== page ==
The financial crisis and resulting deep recession over the past decade hit U.S. suburbs hard and stimulated the growth of several major cities, but now data show a possible recovery in the growth of suburbs.

U.S. cities with a population above 1 million people grew at a 1.02 percent annual rate in 2012-2013, down from 1.13 percent in the year-earlier period, according to a Brookings Institution report cited Thursday by the Wall Street Journal. Meanwhile, the report said suburban areas grew just shy of 1 percent, in both periods.

William Frey, a demographer at Brookings, told the Journal, "City growth may be bottoming out, as well as the downsizing of the outer suburbs," but he couldn’t say whether the "city slowdown signals a return to renewed suburban growth."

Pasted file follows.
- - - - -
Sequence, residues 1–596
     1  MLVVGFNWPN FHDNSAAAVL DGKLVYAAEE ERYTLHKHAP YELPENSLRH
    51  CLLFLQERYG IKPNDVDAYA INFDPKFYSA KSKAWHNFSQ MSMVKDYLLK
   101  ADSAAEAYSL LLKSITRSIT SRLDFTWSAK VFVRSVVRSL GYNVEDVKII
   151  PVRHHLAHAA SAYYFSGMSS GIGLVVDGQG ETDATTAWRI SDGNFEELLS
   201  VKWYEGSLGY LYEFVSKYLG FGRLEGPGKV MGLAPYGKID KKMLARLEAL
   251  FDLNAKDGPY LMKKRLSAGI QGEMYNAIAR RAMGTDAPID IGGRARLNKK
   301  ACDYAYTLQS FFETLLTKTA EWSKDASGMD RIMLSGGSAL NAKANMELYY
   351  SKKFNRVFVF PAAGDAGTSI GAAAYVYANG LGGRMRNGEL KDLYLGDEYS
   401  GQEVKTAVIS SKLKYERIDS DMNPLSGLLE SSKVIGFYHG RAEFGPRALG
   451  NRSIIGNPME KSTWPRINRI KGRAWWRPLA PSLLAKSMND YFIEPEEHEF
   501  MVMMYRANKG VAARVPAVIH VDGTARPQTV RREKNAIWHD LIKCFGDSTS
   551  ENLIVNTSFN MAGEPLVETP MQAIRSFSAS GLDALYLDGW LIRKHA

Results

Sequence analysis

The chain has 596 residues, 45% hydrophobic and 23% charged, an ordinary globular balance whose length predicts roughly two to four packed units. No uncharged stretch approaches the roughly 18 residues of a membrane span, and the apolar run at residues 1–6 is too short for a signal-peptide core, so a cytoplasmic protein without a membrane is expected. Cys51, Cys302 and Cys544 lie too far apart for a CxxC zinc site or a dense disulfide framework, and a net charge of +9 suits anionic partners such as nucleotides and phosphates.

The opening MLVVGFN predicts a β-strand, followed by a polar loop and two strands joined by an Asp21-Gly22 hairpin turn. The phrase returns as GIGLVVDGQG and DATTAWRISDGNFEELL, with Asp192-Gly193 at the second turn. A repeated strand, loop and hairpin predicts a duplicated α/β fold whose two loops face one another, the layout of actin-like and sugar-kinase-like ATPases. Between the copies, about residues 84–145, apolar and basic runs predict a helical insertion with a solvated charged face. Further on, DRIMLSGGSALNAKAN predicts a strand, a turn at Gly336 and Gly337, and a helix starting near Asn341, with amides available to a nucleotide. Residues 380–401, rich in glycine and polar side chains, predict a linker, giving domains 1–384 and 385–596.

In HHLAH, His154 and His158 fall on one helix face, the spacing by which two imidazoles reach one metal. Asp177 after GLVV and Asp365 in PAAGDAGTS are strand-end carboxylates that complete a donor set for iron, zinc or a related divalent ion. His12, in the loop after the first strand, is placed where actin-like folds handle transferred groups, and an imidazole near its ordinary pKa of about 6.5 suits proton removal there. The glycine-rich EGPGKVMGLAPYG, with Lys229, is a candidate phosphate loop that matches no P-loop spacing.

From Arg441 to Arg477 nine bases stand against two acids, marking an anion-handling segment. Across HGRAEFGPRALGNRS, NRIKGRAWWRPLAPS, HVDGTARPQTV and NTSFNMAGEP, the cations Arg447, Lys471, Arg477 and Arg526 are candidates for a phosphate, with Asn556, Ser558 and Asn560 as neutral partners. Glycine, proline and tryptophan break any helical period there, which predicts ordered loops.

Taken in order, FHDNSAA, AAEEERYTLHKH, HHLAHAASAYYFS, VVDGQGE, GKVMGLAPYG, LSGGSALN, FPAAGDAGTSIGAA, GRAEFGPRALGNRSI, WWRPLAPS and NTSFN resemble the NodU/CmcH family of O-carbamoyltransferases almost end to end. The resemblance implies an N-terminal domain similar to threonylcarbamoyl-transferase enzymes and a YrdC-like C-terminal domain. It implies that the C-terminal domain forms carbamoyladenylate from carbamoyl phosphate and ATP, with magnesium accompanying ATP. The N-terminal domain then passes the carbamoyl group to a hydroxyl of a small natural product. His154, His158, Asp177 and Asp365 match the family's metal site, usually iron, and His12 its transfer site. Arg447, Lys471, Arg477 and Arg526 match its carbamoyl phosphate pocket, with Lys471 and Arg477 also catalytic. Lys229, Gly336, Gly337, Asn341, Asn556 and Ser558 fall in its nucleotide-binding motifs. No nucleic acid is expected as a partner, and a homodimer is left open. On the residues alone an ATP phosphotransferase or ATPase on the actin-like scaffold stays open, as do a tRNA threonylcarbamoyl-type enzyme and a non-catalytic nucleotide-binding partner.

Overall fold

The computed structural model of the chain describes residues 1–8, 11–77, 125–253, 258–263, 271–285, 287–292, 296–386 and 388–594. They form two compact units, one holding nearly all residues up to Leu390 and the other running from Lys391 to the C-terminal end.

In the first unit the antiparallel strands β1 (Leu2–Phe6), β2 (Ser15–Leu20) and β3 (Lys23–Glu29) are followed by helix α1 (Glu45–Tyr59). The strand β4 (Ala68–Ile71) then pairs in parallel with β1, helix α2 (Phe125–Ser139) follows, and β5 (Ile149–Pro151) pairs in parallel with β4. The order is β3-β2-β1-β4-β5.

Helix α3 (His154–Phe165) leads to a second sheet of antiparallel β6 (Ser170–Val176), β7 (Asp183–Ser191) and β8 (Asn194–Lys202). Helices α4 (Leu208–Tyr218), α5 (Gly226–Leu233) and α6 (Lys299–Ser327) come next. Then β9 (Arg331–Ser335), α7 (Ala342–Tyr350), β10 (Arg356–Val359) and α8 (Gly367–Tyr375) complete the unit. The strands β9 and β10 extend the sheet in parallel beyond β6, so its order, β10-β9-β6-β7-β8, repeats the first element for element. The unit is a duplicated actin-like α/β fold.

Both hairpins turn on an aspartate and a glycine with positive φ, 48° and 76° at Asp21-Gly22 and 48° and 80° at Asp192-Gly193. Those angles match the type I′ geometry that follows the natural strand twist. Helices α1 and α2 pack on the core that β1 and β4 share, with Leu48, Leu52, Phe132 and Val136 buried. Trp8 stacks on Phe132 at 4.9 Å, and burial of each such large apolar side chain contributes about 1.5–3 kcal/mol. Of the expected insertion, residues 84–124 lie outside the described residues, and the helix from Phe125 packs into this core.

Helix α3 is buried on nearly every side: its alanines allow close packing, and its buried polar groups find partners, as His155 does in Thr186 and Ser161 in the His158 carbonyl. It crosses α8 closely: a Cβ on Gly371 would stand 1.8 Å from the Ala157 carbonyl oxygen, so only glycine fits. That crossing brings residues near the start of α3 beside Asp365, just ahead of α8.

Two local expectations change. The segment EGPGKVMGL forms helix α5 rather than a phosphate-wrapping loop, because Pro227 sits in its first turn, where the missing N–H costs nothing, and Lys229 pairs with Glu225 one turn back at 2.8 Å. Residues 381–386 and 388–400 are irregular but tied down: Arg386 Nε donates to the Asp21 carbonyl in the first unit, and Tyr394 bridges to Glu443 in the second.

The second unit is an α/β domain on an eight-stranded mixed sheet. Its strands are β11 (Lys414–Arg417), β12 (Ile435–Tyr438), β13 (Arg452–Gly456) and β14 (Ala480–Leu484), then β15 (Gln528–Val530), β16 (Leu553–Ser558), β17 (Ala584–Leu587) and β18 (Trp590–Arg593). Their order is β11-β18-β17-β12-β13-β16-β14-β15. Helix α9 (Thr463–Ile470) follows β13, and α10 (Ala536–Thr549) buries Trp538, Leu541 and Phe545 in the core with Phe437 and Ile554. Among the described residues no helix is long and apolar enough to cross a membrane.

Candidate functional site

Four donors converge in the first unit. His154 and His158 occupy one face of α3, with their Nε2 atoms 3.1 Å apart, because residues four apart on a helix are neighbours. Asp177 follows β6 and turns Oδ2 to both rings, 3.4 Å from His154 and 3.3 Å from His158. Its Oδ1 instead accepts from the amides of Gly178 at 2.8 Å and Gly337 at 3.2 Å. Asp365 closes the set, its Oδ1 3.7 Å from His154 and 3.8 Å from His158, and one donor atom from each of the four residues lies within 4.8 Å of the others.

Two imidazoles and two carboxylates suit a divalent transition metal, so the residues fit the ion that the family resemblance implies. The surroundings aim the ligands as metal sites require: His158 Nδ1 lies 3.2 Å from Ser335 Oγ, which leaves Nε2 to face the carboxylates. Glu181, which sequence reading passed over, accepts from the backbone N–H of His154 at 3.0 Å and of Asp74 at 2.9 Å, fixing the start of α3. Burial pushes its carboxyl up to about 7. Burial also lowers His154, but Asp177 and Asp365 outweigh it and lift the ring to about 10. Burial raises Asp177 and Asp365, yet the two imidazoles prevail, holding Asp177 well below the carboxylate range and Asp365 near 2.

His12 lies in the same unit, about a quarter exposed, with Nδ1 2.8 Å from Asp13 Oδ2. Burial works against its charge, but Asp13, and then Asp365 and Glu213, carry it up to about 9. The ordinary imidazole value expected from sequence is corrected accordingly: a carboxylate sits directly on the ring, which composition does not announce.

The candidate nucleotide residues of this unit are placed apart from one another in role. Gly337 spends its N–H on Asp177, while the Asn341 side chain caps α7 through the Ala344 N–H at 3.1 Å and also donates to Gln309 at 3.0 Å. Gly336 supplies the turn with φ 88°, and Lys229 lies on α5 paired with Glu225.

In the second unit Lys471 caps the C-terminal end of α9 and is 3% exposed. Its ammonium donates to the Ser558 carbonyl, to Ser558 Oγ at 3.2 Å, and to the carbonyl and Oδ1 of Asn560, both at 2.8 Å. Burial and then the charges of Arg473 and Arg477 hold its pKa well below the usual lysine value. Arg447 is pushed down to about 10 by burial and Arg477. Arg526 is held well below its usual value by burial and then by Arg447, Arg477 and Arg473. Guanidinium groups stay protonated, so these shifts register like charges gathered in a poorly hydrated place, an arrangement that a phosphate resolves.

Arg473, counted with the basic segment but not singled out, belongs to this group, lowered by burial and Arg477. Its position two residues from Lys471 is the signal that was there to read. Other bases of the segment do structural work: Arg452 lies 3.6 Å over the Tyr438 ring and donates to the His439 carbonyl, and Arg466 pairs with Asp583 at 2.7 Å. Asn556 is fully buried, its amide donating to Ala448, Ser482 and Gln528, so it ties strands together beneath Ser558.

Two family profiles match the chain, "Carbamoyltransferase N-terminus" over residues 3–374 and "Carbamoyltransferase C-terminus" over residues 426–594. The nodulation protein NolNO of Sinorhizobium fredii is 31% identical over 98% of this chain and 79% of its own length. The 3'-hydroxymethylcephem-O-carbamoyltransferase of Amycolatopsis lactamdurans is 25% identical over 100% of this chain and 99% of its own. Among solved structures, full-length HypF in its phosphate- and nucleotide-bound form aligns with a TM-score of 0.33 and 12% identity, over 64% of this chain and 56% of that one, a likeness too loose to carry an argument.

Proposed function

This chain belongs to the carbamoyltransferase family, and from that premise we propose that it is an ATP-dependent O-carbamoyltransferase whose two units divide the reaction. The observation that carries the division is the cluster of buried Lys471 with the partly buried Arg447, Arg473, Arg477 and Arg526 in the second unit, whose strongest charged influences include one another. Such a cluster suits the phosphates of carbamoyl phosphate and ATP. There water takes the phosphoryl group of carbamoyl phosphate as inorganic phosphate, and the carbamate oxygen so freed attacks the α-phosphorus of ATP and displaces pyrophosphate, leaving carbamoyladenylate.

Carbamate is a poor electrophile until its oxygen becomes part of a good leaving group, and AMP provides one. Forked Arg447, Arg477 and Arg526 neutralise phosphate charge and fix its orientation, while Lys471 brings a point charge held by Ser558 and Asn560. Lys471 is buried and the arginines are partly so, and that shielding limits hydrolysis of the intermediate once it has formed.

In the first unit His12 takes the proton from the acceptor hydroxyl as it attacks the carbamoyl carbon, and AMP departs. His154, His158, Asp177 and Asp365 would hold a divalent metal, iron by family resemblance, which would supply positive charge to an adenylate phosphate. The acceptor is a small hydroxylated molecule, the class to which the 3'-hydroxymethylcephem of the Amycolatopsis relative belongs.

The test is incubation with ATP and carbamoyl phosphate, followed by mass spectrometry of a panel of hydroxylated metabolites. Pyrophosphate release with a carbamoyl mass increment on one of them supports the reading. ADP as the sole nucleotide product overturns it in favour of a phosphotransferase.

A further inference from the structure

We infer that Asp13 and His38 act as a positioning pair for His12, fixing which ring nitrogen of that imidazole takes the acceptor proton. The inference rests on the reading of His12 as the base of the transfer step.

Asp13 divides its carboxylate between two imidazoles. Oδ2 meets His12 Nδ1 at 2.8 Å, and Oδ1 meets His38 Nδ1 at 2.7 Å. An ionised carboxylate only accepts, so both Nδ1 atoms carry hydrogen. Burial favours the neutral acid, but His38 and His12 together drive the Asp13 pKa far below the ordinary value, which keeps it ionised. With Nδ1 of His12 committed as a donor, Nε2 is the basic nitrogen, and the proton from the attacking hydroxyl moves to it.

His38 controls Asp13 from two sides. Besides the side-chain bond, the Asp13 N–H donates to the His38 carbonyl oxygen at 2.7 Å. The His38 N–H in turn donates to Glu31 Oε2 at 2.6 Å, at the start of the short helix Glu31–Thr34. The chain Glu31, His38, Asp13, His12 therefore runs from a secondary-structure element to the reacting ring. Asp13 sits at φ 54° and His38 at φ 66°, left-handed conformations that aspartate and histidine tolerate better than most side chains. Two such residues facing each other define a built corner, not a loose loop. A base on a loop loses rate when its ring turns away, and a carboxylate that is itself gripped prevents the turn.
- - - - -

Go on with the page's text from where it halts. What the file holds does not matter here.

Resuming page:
Fourteen of America’s 20 biggest cities experienced slowing growth or declining populations from 2012 to 2013.

Detroit and Philadelphia saw the largest declines, according to the data.

The paper said that among the fastest-growing cities, Austin, Texas, had its growth rate fall to 2.4 percent from 3.1 percent. Austin, like many Texas cities, is growing rapidly due to its attractive business climate and lack of a state income tax. The state has also diversified from energy by introducing high tech and services industries.

New York, the nation’s largest city, had its growth slide to 0.7 percent from 0.9 percent, the report said.